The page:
Inaugural Ranck Lecture challenges faculty, celebrates scholarship
With the scholarship of fellow faculty members displayed behind the audience, April Kelly-Woessner, professor of political science and chair of the Department of Politics, Philosophy and Legal Studies at Elizabethtown College, presented the inaugural Ranck Lecture. Faculty and staff members of the College made up the majority of the audience as Kelly-Woessner spoke about the role of the public intellectual.
Prior to the lecture, Kristi Kneas, dean for academic affairs and faculty development, presented the inaugural Ranck Award for Research Excellence to Kelly-Woessner.
“The Ranck Award is the recognition of a faculty member actively engaged in their field who has an extra dimension to share with students,” said John P. Ranck ’58, a faculty member emeritus and former chair of the Department of Chemistry and Biochemistry, for whom the award is named. “[Kelly-Woessner] excellently reflects the award with her topic and as a scholar active in her field,” Ranck said.
During the March 28 lecture, which took place in the Winters Alcove of the High Library, Kelly-Woessner argued that she and her colleagues should do more to be public intellectuals and challenge the rise of misinformation and bias such as “fake news.” She said she believes that information should inform public discourse and encouraged her colleagues to share their research with the public through blogs, social media and reputable publications.
Producing discomfort for the comfortable is April’s specialty.”
Kelly-Woessner’s own research has been published in publications such as “The Chronicle of Higher Education,” “The Wall Street Journal,” “The New York Times,” “The Washington Post,” “The Guardian” and “Science Magazine.” When sharing her research with the public, Kelly-Woessner said she changes the language so those outside of her field can understand it, and she encouraged her colleagues to do the same by cutting buzzwords and jargon.
According to Kneas, the clarity and thoroughness of Kelly-Woessner’s application is part of the reason the professor won the Ranck Award. Kneas said she appreciated that it could be understood by the general public.
In her lecture, Kelly-Woessner gave three examples of how she has shared research. Each challenged a claim: Liberal professors are indoctrinating students; conservatives are discriminated against in higher education; and young people are more tolerant than previous generations.
Though she used research to dispute each claim, she also included “some nugget of truth for the other side.” With the increasing skepticism toward academia, she said she believes it is important to be objective and present a balance of evidence.
“I can’t please everyone, but I’m good at angering both sides,” Kelly-Woessner said to audience laughter. E. Fletcher McClellan, professor of political science, agreed. “Producing discomfort for the comfortable is April’s specialty,” McClellan said. He also described her as a “professional skeptic” and an “equal opportunity offender.”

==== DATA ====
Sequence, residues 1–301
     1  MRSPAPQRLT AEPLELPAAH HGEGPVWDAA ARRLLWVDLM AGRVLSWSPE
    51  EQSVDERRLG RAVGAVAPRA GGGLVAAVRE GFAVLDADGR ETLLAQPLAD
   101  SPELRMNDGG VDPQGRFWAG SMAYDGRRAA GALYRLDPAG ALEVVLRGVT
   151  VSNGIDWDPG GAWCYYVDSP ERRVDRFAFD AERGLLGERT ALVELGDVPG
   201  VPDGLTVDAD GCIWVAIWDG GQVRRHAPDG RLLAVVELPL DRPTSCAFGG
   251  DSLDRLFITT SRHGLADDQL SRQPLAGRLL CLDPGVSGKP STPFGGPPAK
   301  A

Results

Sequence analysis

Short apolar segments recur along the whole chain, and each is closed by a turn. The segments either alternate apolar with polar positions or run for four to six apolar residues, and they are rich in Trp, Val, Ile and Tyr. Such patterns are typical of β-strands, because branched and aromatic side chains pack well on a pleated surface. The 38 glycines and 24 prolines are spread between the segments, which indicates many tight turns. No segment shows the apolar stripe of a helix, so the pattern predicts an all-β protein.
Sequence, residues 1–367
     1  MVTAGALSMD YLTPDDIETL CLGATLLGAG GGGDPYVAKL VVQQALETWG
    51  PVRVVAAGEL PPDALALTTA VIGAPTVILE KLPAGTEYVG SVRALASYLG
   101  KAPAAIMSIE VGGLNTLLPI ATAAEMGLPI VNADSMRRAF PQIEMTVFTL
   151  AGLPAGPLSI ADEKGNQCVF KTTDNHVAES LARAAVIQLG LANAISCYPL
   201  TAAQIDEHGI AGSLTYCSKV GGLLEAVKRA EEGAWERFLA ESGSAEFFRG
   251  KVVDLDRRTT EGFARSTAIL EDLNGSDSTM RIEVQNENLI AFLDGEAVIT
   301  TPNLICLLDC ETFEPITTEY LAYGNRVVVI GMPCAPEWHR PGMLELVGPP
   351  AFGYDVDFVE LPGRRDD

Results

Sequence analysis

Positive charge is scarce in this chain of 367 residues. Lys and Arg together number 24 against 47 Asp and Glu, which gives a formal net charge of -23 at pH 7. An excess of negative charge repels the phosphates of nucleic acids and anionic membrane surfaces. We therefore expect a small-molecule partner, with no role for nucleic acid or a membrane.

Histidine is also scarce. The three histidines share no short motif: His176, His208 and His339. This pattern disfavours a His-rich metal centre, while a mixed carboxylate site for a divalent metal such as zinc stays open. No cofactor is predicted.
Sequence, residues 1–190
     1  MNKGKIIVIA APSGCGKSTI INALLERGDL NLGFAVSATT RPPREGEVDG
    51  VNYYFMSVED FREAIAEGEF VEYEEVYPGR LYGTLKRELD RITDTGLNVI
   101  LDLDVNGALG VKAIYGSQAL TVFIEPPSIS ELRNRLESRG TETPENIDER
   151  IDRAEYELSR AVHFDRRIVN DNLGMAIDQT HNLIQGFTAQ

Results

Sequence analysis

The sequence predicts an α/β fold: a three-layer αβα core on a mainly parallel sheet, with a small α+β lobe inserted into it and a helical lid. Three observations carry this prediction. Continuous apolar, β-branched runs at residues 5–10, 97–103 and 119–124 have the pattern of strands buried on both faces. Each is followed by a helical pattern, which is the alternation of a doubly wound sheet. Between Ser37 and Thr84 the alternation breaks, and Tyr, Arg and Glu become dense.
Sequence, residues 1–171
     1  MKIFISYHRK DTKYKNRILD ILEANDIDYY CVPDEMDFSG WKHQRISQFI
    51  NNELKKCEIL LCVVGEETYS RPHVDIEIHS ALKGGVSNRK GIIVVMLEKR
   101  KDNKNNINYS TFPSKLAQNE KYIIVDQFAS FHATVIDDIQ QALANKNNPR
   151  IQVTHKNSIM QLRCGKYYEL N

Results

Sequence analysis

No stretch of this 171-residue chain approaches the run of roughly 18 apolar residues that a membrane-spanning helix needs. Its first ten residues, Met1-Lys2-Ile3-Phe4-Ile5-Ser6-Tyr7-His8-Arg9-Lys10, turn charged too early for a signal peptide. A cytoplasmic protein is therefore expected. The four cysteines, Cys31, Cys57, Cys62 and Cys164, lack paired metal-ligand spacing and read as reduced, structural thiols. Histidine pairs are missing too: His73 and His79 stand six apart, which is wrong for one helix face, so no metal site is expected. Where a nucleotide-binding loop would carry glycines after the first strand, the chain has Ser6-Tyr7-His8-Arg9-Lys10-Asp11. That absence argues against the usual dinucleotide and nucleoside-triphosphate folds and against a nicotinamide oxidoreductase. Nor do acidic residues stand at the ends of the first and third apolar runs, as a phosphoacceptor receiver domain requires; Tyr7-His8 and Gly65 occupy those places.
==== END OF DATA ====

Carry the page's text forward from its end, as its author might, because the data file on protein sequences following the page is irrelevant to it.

Her lecture, he said, led him to realize that he also tries to include the other side of the argument in his opinion editorials.
At the end of each example, Kelly-Woessner showed some of the publications in which the research has been published. Her last example, which argued that young people are less tolerant than their elders, has yet to be published, but she has shared the research through blogs.
To conclude the lecture, Kelly-Woessner, who writes a monthly column for LNP a Lancaster, Pennsylvania, news organization, again encouraged her colleagues to share their research with those outside of their fields.
A question and answer session followed the lecture and allowed audience members to interact with Kelly-Woessner. The conversation continued as attendees migrated to the refreshment table and the College’s Celebration of Achievements in Scholarship, which included articles, books, book chapters and conference papers.
“On the one hand, the event elevates the research recognized by the award, but on the other hand, it levels the field by recognizing all faculty scholarship,” said Jennifer Strain, instruction and scholarly communication librarian, who collected the research for the display.
“Dr. Kelly-Woessner is a refreshing presence in this politically polarized society,” said sophomore Ken Wallace, who was part of a group of political science majors who had formed a circle by the refreshment table, discussing the lecture. “Dr. Kelly-Woessner is a true gift to the faculty and staff,” said Kayla Gruber, senior political science major.
Rachel Lee’s bio
Rachel Lee is a junior English – professional writing major with minors in Spanish and creative writing. She currently works for the College’s student-run newspaper, the “Etownian,” as the features editor. She also is exploring a career in grant writing as she works for the Social Enterprise Institute at Elizabethtown College.